One quantum bit of information is known as a qubit (pronounced Q-bit). The ability of quantum particles to exist in many different states at once means a single quantum object can represent multiple qubits at once, opening up the possibility of extremely fast information processing.

U is for ... Uncertainty Principle

One of the most famous ideas in science, this declares that it is impossible to know all the physical attributes of a quantum particle or system simultaneously.

A is for ... Atom

This is the basic building block of matter that creates the world of chemical elements – although it is made up of more fundamental particles.

M is for ... Many Worlds Theory

Some researchers think the best way to explain the strange characteristics of the quantum world is to allow that each quantum event creates a new universe.

S is for ... Superposition

Quantum objects can exist in two or more states at once: an electron in superposition, for example, can simultaneously move clockwise and anticlockwise around a ring-shaped conductor.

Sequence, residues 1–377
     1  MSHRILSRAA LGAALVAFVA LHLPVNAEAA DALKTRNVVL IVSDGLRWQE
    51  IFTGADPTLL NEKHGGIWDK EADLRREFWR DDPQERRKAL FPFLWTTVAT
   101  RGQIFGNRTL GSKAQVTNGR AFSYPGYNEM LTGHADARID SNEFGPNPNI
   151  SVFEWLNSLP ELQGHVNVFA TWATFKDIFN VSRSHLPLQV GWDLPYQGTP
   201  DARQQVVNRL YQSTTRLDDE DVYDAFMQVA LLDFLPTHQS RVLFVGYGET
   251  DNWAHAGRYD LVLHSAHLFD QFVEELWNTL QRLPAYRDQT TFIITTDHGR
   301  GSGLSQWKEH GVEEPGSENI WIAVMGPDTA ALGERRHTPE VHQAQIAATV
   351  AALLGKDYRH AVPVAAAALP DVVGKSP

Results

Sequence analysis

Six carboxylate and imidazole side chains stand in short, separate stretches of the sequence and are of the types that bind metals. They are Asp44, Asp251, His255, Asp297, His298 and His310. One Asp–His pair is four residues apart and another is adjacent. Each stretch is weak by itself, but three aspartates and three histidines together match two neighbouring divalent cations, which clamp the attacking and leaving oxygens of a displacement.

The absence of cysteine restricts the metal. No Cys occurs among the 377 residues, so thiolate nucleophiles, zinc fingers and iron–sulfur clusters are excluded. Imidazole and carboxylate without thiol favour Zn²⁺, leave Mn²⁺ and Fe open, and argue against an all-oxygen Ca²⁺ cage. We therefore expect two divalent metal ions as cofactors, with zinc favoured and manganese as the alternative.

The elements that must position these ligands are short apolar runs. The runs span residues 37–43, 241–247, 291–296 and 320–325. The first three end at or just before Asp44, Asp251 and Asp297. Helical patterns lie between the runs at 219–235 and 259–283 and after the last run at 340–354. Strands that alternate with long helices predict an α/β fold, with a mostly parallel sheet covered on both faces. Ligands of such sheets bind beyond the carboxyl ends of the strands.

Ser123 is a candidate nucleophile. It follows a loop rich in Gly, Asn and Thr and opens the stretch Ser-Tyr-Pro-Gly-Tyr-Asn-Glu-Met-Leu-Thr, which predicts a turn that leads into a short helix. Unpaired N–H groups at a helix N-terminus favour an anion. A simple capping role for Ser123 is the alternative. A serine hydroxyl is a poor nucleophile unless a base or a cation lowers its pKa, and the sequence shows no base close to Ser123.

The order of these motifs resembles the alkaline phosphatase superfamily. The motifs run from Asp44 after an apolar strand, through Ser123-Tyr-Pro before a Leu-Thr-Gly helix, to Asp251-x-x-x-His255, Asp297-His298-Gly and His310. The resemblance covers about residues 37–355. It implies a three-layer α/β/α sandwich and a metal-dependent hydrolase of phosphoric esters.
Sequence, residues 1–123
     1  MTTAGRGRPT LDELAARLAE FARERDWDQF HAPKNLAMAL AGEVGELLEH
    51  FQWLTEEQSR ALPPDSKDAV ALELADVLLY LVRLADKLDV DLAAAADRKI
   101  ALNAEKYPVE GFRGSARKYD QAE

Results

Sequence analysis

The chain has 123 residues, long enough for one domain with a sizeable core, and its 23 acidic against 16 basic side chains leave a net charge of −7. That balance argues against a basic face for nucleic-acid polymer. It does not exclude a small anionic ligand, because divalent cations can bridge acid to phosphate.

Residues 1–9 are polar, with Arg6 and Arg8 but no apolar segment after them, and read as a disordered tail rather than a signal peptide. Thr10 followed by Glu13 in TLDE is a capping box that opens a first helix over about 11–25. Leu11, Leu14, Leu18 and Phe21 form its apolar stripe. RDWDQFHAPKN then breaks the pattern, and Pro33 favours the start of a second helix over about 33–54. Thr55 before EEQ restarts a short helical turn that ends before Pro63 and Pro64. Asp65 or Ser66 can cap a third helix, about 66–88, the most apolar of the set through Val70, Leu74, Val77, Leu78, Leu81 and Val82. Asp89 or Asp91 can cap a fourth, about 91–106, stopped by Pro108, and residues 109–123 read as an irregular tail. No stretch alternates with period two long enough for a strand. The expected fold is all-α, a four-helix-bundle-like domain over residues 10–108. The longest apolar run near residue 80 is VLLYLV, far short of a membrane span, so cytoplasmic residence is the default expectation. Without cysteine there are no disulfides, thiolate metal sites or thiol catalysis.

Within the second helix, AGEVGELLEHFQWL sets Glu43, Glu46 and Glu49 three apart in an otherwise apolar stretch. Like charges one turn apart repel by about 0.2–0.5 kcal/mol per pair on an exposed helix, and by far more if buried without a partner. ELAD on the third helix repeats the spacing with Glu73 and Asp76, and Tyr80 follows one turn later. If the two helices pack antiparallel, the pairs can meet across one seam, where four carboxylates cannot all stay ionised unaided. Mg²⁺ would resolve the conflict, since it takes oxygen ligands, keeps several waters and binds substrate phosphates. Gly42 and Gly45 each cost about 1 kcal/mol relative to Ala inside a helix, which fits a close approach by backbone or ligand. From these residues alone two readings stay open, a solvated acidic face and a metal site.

I is for ... Interferometer

Some of the strangest characteristics of quantum theory can be demonstrated by firing a photon into an interferometer: the device’s output is a pattern that can only be explained by the photon passing simultaneously through two widely-separated slits.

N is for ... Nonlocality

When two quantum particles are entangled, it can also be said they are “nonlocal”: their physical proximity does not affect the way their quantum states are linked.

A is for ... Alice and Bob

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G is for ... Gravity

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G is for ... Gluon

These elementary particles hold together the quarks that lie at the heart of matter.

S is for ... Schrödinger Equation

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M is for ... Multiverse

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R is for ... Reality

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A is for ... Act of observation

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Q is for ... Quantum biology

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V is for ... Virtual particles

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I is for ... Information